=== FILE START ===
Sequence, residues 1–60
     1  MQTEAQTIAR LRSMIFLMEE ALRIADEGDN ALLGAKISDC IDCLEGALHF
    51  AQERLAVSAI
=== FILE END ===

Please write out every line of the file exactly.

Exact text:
Sequence, residues 1–60
     1  MQTEAQTIAR LRSMIFLMEE ALRIADEGDN ALLGAKISDC IDCLEGALHF
    51  AQERLAVSAI